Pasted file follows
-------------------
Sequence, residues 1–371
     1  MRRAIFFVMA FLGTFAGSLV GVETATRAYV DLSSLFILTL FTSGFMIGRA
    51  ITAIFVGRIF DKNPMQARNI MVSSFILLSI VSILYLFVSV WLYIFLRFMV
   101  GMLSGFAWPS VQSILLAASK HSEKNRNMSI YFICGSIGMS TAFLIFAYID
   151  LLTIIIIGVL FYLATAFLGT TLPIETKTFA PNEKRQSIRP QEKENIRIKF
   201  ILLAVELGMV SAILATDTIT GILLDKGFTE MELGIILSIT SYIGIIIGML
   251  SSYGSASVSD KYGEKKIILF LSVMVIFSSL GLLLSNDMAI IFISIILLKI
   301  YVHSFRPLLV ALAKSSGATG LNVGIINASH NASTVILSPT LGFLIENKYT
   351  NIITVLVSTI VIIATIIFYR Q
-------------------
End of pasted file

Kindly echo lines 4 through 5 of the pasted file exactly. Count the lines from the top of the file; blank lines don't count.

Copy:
   101  GMLSGFAWPS VQSILLAASK HSEKNRNMSI YFICGSIGMS TAFLIFAYID
   151  LLTIIIIGVL FYLATAFLGT TLPIETKTFA PNEKRQSIRP QEKENIRIKF